It has become increasingly difficult to predict how the United States' energy system will evolve, leading to a growing number of projection errors in the Energy Information Administration's (EIA) Annual Energy Outlook (AEO) and other analyses, according to researchers at Carnegie Mellon University.
"We find that both unpredictability and volatility have been larger in the past decade than in the two and three decades before it," the researchers said in a study published in the journal Nature Energy.
Retrospective analyses, including the AEO, "raise the question of the extent to which insights into past errors can help predict future errors. In short, will the future be as difficult to predict as the past was? We note that AEO's own low and high oil price scenarios began to widen substantially in AEO 2006, suggesting higher uncertainty in at least that quantity...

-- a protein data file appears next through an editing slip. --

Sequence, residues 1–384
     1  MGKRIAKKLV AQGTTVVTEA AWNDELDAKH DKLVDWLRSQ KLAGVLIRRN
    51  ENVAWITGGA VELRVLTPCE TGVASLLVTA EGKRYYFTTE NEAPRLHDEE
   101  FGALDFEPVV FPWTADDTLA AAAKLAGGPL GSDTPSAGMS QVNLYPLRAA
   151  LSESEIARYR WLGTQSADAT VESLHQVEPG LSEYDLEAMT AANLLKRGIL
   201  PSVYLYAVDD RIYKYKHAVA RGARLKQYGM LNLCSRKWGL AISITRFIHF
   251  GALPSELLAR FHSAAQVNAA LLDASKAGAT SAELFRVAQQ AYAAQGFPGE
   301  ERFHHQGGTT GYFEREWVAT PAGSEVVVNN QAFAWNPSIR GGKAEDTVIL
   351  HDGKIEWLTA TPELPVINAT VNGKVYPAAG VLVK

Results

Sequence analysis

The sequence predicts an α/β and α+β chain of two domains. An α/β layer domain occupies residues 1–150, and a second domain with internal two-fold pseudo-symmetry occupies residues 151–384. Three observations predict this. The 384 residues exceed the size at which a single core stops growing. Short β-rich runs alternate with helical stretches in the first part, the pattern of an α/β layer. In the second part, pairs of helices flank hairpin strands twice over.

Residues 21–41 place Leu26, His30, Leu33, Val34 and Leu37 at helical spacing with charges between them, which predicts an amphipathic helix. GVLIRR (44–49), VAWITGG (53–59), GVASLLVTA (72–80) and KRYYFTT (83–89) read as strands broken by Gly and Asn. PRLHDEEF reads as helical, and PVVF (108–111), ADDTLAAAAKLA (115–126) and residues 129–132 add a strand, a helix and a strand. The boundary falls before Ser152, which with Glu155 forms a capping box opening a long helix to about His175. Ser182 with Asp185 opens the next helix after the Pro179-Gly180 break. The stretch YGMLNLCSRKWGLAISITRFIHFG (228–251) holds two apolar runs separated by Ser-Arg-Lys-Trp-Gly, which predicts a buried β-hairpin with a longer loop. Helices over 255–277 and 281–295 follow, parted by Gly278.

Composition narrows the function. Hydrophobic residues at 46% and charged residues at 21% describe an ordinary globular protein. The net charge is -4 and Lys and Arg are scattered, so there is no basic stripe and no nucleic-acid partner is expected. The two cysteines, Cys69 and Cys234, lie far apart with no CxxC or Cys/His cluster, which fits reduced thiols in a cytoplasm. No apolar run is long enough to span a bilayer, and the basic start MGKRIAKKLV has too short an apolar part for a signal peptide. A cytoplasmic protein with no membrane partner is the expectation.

"The stated goal of the AEO is not to forecast the future, but to project the likely development of the U.S. energy system under the policies in place at the time of the study, and assuming there are no major technological breakthroughs. Still, if the AEO is to guide decision-making, we believe it is important to characterize its historical prediction accuracy."
Unpredictability, measured as "the frequency of extreme errors in AEO projections," has increased over the past decade, according to the researchers. Those errors were largely under-projections for prices and inflation and over-projections for energy production and consumption, they said.
All over-projected extreme errors in the 30-year study period occurred in 2005-2014 for 10 quantities: production and consumption of natural gas and coal; oil production; electricity sales; total, residential and transportation energy consumption; and gross domestic product.
"This means that the largest over-projected errors in this period for the short-, medium- and long-term for these quantities were larger than any seen in the previous 20 years," according to the report.
Long-term projections for shale gas and tight oil production in EIA's most recent AEO, which was released last month, were questioned by some environmental groups.